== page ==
For example:

Paper documents

These would need to be located and potentially checked by eye whether they relate to employee records, applications, correspondence, financial transactions or general filing.

Emails

These would be searchable, but run the risk of personal folders and the scope of the search being insufficient. Also email attachments would not be found in the email system text search – especially attachments which are scanned images rather than electronic documents. 

Files-on-disk

General file areas are difficult to search. They require a slow one-time search or an expensive indexing process. Also, there is the issue of scanned information which does not appear in the text index, and of omitting an individual’s personal stores of data and documents on local drives.

Effective tools, such as Arena’s mstore software, enable the scanning and storage of documents and data that transform processes into easy to manage and compliant ways of working.

Similarly, changes to GDPR mean that the gathering and recording of consent to use personal contact details, presents new challenges. It will no longer be sufficient to give options to opt out of using personal contact data as is the current common practice. An organisation must ensure that consent for use of personal data is freely given, specific, fully informed and revocable.

In order to continue day-to-day operations, an organisation should be able to collect personal contact details whilst remaining compliant with the requirements of GDPR.  Arena’s mstore software offers the opportunity to ensure that current data can continue to be used after the May 2018 GDPR deadline, cleansing current databases so that data can continue to be used for specific purposes.

The ability to record that consent has been given for a specific purpose is also imperative. For example, when a business card is shared at a meeting or trade show, the issue is to confirm and record what consent is and is not being given and for this system to be auditable so consent is proven.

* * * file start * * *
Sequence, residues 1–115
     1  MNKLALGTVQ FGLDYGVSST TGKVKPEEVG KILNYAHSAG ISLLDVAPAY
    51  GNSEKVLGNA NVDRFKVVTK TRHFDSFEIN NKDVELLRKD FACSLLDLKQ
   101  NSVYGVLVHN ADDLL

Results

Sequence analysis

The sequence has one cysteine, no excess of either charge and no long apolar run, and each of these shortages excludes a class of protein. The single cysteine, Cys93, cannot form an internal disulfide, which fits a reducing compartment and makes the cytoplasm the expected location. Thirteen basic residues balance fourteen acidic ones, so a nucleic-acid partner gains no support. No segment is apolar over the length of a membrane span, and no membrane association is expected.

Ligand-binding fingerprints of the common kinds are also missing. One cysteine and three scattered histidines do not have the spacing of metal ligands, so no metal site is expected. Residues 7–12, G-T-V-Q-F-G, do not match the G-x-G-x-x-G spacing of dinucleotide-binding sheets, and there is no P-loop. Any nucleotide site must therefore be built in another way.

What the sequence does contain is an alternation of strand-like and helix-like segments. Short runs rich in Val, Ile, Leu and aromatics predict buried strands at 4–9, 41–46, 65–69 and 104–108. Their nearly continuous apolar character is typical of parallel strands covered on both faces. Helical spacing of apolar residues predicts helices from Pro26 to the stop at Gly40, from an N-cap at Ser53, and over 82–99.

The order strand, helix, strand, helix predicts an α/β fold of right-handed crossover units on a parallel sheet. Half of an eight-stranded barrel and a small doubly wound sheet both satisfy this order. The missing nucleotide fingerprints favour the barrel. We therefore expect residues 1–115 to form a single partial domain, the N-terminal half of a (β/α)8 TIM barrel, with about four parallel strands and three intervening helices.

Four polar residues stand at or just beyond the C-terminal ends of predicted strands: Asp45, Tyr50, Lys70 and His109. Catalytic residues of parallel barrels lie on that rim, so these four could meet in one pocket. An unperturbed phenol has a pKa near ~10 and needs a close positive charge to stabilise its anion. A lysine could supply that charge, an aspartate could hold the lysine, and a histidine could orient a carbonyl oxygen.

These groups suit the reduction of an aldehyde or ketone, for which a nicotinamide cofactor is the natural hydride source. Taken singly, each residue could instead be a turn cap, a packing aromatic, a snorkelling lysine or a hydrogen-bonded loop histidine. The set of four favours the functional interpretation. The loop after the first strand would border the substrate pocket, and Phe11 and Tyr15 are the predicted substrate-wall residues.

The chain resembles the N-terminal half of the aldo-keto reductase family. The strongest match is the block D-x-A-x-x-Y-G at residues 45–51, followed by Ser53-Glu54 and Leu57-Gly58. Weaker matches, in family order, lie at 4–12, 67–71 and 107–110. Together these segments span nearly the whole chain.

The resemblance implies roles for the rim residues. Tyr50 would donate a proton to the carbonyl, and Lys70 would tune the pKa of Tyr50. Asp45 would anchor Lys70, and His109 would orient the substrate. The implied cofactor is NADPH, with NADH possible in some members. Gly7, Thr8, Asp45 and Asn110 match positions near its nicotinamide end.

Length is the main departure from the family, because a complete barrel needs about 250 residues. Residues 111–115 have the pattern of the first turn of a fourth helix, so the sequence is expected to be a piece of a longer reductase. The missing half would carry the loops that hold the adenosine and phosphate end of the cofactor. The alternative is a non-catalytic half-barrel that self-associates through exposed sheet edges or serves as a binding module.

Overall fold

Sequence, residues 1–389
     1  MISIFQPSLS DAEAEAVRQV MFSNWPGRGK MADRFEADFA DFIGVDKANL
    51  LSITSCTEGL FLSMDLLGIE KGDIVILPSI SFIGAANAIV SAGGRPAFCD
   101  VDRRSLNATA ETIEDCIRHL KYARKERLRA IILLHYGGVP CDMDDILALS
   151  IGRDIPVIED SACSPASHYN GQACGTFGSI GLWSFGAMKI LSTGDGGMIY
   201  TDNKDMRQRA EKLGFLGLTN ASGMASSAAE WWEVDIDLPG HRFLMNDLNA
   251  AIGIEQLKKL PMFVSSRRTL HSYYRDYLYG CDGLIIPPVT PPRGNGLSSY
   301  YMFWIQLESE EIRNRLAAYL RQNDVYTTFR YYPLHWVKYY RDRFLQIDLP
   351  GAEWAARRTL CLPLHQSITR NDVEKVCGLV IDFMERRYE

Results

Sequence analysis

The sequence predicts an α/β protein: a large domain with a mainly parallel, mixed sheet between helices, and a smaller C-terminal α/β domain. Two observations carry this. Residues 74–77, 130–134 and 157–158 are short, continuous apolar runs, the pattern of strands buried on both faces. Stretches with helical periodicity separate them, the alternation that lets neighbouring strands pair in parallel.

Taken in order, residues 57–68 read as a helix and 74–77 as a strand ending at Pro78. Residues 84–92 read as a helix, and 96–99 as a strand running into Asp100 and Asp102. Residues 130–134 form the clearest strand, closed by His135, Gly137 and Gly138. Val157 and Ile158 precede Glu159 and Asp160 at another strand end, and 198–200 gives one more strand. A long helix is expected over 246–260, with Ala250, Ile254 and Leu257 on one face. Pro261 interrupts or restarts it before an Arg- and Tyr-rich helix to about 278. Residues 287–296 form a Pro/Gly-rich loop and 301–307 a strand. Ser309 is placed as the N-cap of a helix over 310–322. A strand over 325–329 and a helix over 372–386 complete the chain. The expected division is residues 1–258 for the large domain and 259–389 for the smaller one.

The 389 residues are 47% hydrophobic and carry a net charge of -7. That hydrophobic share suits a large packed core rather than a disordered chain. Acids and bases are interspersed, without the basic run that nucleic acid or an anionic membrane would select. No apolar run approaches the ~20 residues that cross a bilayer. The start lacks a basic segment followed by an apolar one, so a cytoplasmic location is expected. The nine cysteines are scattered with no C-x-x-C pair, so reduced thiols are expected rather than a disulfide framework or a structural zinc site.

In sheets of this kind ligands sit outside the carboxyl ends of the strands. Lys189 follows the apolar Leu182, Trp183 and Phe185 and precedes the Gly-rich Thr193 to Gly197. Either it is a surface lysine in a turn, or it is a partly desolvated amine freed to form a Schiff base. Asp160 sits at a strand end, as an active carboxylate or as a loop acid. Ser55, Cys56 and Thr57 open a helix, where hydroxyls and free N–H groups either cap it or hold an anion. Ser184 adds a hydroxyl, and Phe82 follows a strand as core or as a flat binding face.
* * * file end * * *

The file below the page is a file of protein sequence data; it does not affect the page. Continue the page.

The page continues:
Act Now!

The key message is to start acting now to avoid hitting the May 2018 deadline without the right things in place to ensure compliance. “It is essential to start planning your approach to GDPR compliance as early as you can and to gain ‘buy in’ from key people in your organisation. You may need, for example, to put new procedures in place to deal with the GDPR’s new transparency and individuals’ rights provisions…. This could have significant budgetary, IT, personnel, governance and communications implications.” ICO

 

Changing basic ways of working is no longer the preserve of forward-looking organisations looking to adapt processes and working methods to create an edge, reduce costs or increase productivity. Since no organisation is immune to the data protection regulations and the fines for non-compliance are significant, GDPR is a driver for change and investment for every organisation. Introduction of any new technology should also be done with data protection considerations from the outset, so it’s also important to work with a technology partner that is informed, since failing to do so would also constitute a breach of regulations.

However, the imposition of legal enforcement is balanced by the benefits the organisation can realise more widely from making information and data more accessible and efficient to work with. Now is the golden opportunity for ever organisation to become leaner with their work flows, but with how data is being used and managed coming sharply into focus, the need to strengthen defences and protect from costly fines and crisis management to close the gap.

To find out more on how Arena are helping organisations prepare for GDPR, speak to your account manager or contact sales@arenagroup.net.